Tips and Insights from Performance Experts

Food is fuel, the fuel that allows our body to perform. Performance training is not isolated at the gym and is affected by sleep, stress, and nutrition. Eating well includes eating both a wide variety of foods and an adequate amount. Proper performance nutrition is the difference between completing a workout and Accel-ing in your day-to-day and athletic performance.

Food isn’t merely just to fuel our bodies. Food and nutrition have many other benefits, including:

  • Increased energy
  • Increased mental clarity
  • Increased stamina
  • Decreased time of recovery
  • Decreased muscle mass loss
  • Decreased risk of injury

Two Ws for the Win

Performance nutrition requires an athlete to look at ​what​ and ​when​ they are eating.
Every food is composed of macronutrients, or the nutrients we need in large quantities. These include carbohydrates, proteins, and fats – this is the ​what. ​These macronutrients have different functions and purposes in our body. It’s important to balance our carbs, protein, and fats, and to balance the time when we eat them intentionally for maximum nutrition benefit – this is the ​when.


Carbohydrates​ are broken down into glucose, or sugar, during digestion. Glucose serves as the body’s preferred and main source of fuel. Foods that contain carbohydrates are grains, fruits, vegetables, dairy, and sweets. ​Proteins​ are made from many amino acids, or protein building blocks, that repair body tissue and help with muscle contraction. Protein foods include meat, dairy, soy products, nuts, and beans. ​Fat​ is a concentrated source of energy providing the body satiety and satisfaction. Foods with fat include oils, butter, meat, dairy, nuts, and avocados.

Think of macronutrients like a team sport: Carbohydrates, proteins, and fats all have their specific roles that fuel the body and performance. It’s important to include each macronutrient – when one is down, just like an athlete on a team, performance suffers. The body requires mostly carbohydrates, adequate protein, and some fat. Balancing these macronutrients yields optimal performance, nutrition, and athletics.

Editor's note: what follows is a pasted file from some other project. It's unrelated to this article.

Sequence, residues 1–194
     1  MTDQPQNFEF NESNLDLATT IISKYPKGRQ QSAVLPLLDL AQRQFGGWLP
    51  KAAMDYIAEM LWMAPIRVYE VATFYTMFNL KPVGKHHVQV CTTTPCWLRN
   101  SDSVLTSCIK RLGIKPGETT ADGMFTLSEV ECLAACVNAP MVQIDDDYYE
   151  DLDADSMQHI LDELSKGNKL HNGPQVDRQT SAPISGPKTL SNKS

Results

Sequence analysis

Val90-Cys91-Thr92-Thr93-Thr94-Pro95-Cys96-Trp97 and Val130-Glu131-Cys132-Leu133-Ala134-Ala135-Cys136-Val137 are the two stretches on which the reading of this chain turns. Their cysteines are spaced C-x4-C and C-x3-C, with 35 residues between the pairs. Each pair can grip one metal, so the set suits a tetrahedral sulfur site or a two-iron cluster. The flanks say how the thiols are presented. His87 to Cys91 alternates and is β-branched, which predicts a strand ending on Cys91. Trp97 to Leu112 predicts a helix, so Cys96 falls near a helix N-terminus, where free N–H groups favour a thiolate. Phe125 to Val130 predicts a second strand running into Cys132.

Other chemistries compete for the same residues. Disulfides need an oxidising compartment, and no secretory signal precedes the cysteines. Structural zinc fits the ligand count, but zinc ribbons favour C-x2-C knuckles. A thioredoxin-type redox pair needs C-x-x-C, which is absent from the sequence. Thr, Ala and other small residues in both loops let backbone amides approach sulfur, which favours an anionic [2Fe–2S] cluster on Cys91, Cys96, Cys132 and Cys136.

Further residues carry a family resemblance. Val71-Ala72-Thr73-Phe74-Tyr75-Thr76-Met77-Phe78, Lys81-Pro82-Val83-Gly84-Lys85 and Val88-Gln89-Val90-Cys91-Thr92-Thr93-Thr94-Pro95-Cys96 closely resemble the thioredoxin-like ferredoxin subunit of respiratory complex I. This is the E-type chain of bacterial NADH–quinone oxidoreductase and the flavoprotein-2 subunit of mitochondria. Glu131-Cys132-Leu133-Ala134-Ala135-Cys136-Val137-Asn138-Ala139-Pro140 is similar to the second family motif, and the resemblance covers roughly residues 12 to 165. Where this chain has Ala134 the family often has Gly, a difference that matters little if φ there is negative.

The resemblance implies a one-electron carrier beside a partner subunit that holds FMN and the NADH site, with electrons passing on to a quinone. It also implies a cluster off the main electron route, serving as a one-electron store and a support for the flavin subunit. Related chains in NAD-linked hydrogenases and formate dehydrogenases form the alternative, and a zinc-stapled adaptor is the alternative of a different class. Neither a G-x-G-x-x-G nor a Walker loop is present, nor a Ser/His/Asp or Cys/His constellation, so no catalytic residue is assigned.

• Micronutrients, or vitamins and minerals, are important because while they do not provide our body energy, they help our body digest, absorb, and use energy from the macronutrients above. Vitamins and minerals aid in a wide variety of bodily functions.
  • Last, and certainly not least, is water. It does not provide us energy or nutrition per se, but as the body is 55-60% water, it plays a vital role in performance. Water lubricates joints, hydrates muscles, regulates body temperature, and transports nutrients throughout the body.


Implementing a balanced and adequate meal and snack pattern should be an athlete’s top priority. Performance nutrition is a 24/7/365 commitment, as the body requires three meals a day and snacks as needed. With the right planning, these meals and snacks can boost energy and performance. Start each day with breakfast, eating every 3 to 4 hours after that, while drinking water for adequate hydration. A usual eating schedule may include breakfast, a mid-morning snack, lunch, afternoon snack, and dinner.


Plan on scheduling mealtimes at 2 to 3 hours before training so that your body can fully digest and utilize the nutrients from the meal. Build a plate like so: one half fruits and vegetables, one quarter carbohydrates, and one quarter protein. Take your performance to the next level with a snack 45 to 60 minutes before training; focus on carbohydrates. Try eating a banana, a package of fruit snacks, or a granola bar.


Within 60 minutes of completing your training, prioritize eating a snack with both carbohydrates and protein to build muscle and improve recovery. Drink a glass of chocolate milk or eat a turkey sandwich.

No matter your workout routine, good nutrition matters. Accel is here to help you determine what nutrition plans are best for you through our partnership with Memphis Nutrition Group.